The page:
Situating Flyover Territory

LAST Lab alum and Illinois graduate Grant Penfield-Haugen (MLA ’17) recently completed a traveling fellowship title “Situating Flyover Territory: Identity + Mobility in the Midwest.” His visits to Cleveland, Kansas City, Minneapolis, and St. Louis included interviews with business owners, politicians, and civic leaders, as well as photography. 

Below is a copy of his research statement:

“The continual urbanization of the United States is leading to the emergence of megaregions throughout the country, including the Midwest. Despite its common pejorative as the flyover country between the East and West Coasts, the Midwest is too large to be recognized as a stable or singular identity. What and where is the Midwest? 
This project explores the intersection between identity and mobility in “Flyover Territory,” deploying various mapping techniques and methods to understand both territory and urban space by the networks that pass through them. By spatializing the flow of people, critical nodes, synergies and actors are revealed, illustrating how these infrastructural networks influence the identities within Flyover Territory. The essence of place within this region is explored, illuminating how natural landscape and physical dimensions come together to influence the identity. When assembled, these cartographies serve to produce a new imagery of Flyover Territory. 
Furthermore, this project investigates entrepreneurial and economic opportunities using four Flyover Territory cities: Cleveland, Kansas City, Minneapolis and St. Louis. As the price of living becomes increasingly high on the East and West Coasts, coupled with the detrimental effects of climate change and natural disasters that are so pervasive on both of these coasts, it’s inevitable that the middle of the country is well situated for future growth. By visiting these cities, underlying conditions upon which new realities will be written are exposed, demonstrating the evolution of urban territories and how new settlement patterns are shaping the urban core.”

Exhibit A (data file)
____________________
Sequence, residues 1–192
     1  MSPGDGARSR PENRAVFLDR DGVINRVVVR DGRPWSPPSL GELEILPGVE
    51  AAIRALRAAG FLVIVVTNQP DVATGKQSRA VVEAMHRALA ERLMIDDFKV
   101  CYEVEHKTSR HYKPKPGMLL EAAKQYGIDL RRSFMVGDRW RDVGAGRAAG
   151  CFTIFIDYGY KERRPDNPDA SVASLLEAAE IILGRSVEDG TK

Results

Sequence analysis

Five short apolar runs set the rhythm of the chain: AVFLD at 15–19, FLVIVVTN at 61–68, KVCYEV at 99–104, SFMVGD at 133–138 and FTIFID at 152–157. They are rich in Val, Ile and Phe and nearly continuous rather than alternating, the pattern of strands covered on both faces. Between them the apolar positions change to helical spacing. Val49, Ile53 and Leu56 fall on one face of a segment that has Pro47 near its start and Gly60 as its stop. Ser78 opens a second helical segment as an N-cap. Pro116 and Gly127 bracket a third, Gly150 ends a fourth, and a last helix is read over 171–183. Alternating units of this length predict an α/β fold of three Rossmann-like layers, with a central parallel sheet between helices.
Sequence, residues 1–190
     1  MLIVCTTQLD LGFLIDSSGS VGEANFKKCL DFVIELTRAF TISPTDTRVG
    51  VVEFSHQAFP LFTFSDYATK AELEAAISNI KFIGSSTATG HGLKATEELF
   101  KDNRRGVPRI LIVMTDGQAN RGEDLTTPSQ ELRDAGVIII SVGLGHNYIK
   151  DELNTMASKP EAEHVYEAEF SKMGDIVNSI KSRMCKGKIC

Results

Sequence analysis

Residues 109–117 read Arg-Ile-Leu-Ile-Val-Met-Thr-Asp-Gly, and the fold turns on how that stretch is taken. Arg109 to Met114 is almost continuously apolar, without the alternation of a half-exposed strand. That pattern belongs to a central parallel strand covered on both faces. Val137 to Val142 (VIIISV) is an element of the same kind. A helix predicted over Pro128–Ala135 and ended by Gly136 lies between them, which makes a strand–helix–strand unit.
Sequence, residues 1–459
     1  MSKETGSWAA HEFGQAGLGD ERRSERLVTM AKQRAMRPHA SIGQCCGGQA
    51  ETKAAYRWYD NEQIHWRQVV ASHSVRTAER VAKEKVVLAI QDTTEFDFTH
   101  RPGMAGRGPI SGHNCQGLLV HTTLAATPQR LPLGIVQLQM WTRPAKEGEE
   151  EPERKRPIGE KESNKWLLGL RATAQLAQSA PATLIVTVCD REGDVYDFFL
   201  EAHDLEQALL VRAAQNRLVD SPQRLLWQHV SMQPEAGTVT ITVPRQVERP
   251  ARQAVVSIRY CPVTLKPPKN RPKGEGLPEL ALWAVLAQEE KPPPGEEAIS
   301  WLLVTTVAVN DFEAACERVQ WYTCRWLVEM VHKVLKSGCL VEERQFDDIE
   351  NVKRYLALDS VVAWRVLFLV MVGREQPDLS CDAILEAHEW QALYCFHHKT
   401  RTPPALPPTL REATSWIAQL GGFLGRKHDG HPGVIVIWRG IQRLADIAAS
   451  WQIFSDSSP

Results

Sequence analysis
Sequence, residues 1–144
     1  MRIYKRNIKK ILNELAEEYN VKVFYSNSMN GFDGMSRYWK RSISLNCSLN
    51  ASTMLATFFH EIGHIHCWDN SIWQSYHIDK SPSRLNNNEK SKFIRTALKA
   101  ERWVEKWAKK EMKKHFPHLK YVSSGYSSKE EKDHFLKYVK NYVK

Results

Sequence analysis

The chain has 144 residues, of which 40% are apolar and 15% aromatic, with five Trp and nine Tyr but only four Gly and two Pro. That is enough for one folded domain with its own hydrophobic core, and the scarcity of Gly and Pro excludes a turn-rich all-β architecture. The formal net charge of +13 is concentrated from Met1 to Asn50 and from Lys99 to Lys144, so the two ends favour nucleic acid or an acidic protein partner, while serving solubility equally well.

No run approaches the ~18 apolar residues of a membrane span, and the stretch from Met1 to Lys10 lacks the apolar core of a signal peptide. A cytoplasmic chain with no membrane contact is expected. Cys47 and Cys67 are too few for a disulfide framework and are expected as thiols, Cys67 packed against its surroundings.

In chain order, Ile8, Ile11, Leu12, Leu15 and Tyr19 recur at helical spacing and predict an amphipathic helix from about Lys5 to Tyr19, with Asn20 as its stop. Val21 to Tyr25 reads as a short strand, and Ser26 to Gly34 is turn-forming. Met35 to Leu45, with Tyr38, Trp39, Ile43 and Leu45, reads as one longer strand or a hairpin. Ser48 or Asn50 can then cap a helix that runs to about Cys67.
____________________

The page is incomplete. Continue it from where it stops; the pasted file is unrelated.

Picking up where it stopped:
Conor O'Shea
Landscapes, Health, & Healing Symposium

On Saturday, July 1st, Conor O'Shea and LAST Lab research assistants Zoey Wang and Grant Penfield-Haugen presented at the Landscapes, Health, & Healing Symposium, hosted by the University of Illinois Department of Landscape Architecture. Their presentation, "Logistical Strategies," proposes new visions for North American logistics landscapes.

Conor O'Shea
Conor O'Shea Receives Graham Foundation Grant

The Graham Foundation has awarded Conor O'Shea a grant for the book Dialogues on Urbanization: Emerging Landscapes. The forthcoming book is co-edited with Martin Felsen through Actar Publishers.

"Since the turn of the century, the design disciplines have increasingly adapted their research and design methods to tackle the complexity and speed of twenty-first century urbanization. Among architecture, landscape architecture, urban design, and planning, landscape has emerged as a common framework for understanding and designing urban processes. Dialogues on Urbanization: Emerging Landscapes takes stock of recent advancements in landscape architectural research methods, design strategies, and representational modes by featuring eleven pairs of built and speculative projects, accompanied by interviews between their designers and the editors. By providing an overview of the recent past, the book serves as a foundation for new lines of inquiry from the design disciplines into twenty-first century urbanization. The collection underscores landscape architecture's considerable contribution towards reimagining urban systems, such as mobility networks, agricultural production, and waste flows, at multiple scales, from the planetary to the local."